Offense — B-
The magic number for the Badgers has been 60 this season. Wisconsin’s record in games in which the team scores 60 points or more is an impressive 15-2, compared to 2-7 in the games the squad has scored less than that amount.
Both of UW’s wins this past week came thanks to steady offensive production in the Michigan game and timely scoring during its contest with Iowa. The Badgers actually outshot the Wolverines this past Saturday, shooting 43.9 percent from the field.
The Badgers once again relied heavily on the three, shooting a combined 49 attempts from beyond the arc, making 17 of them for a 35 percent conversion rate. The reliance on the three almost cost Wisconsin in its double-overtime win against Iowa, highlighted by senior forward Mike Bruesewitz’s 0-for-6 shooting performance from deep.
But the team has displayed a recent renewal in attacking the paint, getting increased touches to redshirt fifth-year seniors Jared Berggren and Ryan Evans on the blocks. The aggressiveness has paid off, mainly because of the athletic prowess of the pair, forcing doubles from both the Hawkeyes and Wolverines.
Although at times the offense went through prolonged droughts that almost cost them both games, the move toward balancing the offense with an added emphasis of attacking down low has helped to free up open Wisconsin looks from all over the floor.
Also of note, the team went 1-for-1 on 45-foot heaves this past week. So, they have that going for them, which is nice.
Defense — B+
Michigan’s Trey Burke and Tim Hardaway Jr. are the type of players who can make even the strongest defenders look silly by regularly sinking shots with a hand in their face. Such was the case when Hardaway hit a three-pointer with little more than two seconds on the clock despite a lockdown defensive possession from Bruesewitz.
Hardaway had an efficient 8-of-17 night from the field and finished with 18 points, while Burke, the Batman to Hardaway’s Robin, scored 19 on 8-of-21 shooting. Sophomore guard Traevon Jackson defended Burke for much of the game and kept him to only seven points in the opening half. The Wolverines’ star point guard took over the way elite players do for certain stretches of the second half, but when guarding a player of Burke’s caliber, it’s about limiting the damage as opposed to fully taking him out of the game.
Similar defensive play against Iowa was critical to the Badgers pulling off the victory over Iowa Wednesday night. While the Hawkeyes lack the athletically gifted players of Michigan, star forward Aaron White managed only 30 percent shooting from the field and 13 points. Iowa shot less than 34 percent as a team and a dismal 21.7 percent from three-point land, allowing UW to earn a victory despite an equally ineffective night shooting the ball.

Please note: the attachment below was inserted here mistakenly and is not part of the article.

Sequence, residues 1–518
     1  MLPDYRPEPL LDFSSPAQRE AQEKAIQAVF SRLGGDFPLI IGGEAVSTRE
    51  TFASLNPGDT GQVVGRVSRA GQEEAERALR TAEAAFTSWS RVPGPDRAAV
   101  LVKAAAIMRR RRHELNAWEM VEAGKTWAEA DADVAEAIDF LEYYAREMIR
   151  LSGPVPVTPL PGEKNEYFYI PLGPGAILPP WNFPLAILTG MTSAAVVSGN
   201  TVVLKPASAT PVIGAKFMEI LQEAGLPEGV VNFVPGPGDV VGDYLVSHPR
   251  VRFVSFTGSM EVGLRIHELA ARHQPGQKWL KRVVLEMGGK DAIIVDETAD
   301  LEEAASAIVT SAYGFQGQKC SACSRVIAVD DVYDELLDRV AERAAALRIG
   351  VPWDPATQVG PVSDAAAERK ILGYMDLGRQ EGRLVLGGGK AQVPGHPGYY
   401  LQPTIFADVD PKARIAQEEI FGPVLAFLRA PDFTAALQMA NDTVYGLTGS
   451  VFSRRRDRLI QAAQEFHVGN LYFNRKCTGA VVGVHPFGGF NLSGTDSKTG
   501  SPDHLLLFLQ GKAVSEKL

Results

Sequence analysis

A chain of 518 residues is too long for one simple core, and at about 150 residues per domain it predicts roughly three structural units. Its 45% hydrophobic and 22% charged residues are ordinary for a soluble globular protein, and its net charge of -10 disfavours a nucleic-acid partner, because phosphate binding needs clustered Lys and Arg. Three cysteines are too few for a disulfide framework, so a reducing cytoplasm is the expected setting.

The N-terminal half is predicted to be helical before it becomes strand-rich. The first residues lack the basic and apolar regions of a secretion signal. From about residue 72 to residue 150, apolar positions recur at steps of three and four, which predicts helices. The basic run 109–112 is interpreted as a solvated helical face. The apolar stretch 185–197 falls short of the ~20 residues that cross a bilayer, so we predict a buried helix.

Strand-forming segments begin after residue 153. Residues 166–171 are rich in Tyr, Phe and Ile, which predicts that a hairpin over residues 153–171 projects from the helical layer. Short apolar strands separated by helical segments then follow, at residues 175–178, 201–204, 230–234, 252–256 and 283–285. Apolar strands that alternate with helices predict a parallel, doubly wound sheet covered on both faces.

Starters — B
Besides junior guard Ben Brust, who was just named co-Big Ten Player of the Week, and Berggren, the Badgers’ starting five on offense were far from perfect at times this past week.
Sure, Evans had a combined 26 points in the last two games, but his efficiency and shot selection were less than stellar. Evans made just one 15-foot jumper while going a combined 10-for-29 from the field. The majority of Evans’ made baskets came from his renewed presence in the low blocks, posting up his defender and getting easy looks inside. Evans was also one of the Wisconsin starters who was much cleaner and aggressive in his cuts to the basket, not only helping lead to open looks but also freeing up outside looks.
Jackson was solid at the point, but still continued to struggle with limiting his turnovers, committing a combined 10 in the Badgers’ two wins compared to just nine assists.
Defensively, the group held Michigan to less than 40 percent shooting from the floor and Iowa to less than 35 percent. And although star UM players Burke and Hardaway got their points, almost every look was contested by UW’s starting lineup. Sometimes, good players just make shots — as seen by the three-pointer by Hardaway over Bruesewitz in the waning seconds of regulation.
Berggren played well, but aside from the explosive dunk against the Wolverines, he has still yet to put on a dominating offensive performance. Whether that’s because teams are doubling him or he draws attention away from the ball doesn’t matter, Berggren will still need to score more than the 11.9 points per game he averages down the stretch if Wisconsin hopes to win the conference for the first time since 2008.
Bench — C
In what is becoming an increasingly familiar tale, freshman forward Sam Dekker is turning into the one-man star of Wisconsin’s bench. He provided 14 critical first half minutes and actually led all scorers with nine points at the break, lighting a fire under his teammates each time he stepped onto the floor. Dekker’s defense still comes with an “under construction” sign in tow and his four turnovers — including an ill-advised behind-the-back bounce pass that rolled through the paint and out of bounds — speak to his youth.
Dekker also hit a timely three-pointer with 6 minutes, 19 seconds left to cut into the Wolverines six-point lead, their largest of the game. Sophomore forward Frank Kaminsky and freshman redshirt guard George Marshall were the only other non-starters to see the court, with Marshall sinking one of his two three-point tries.
It was those three players, and only those three, who came off the bench against Iowa and the group did not match its modest contributions against Michigan. Dekker only fired off four shots, finishing with five points and collected two rebounds. Marshall had a rough night, missing all four of his shots and going scoreless in 14 minutes of play.
With Berggren logging 43 minutes against the Hawkeyes, Kaminsky only saw six minutes of action but did convert a three-ball early in the second half.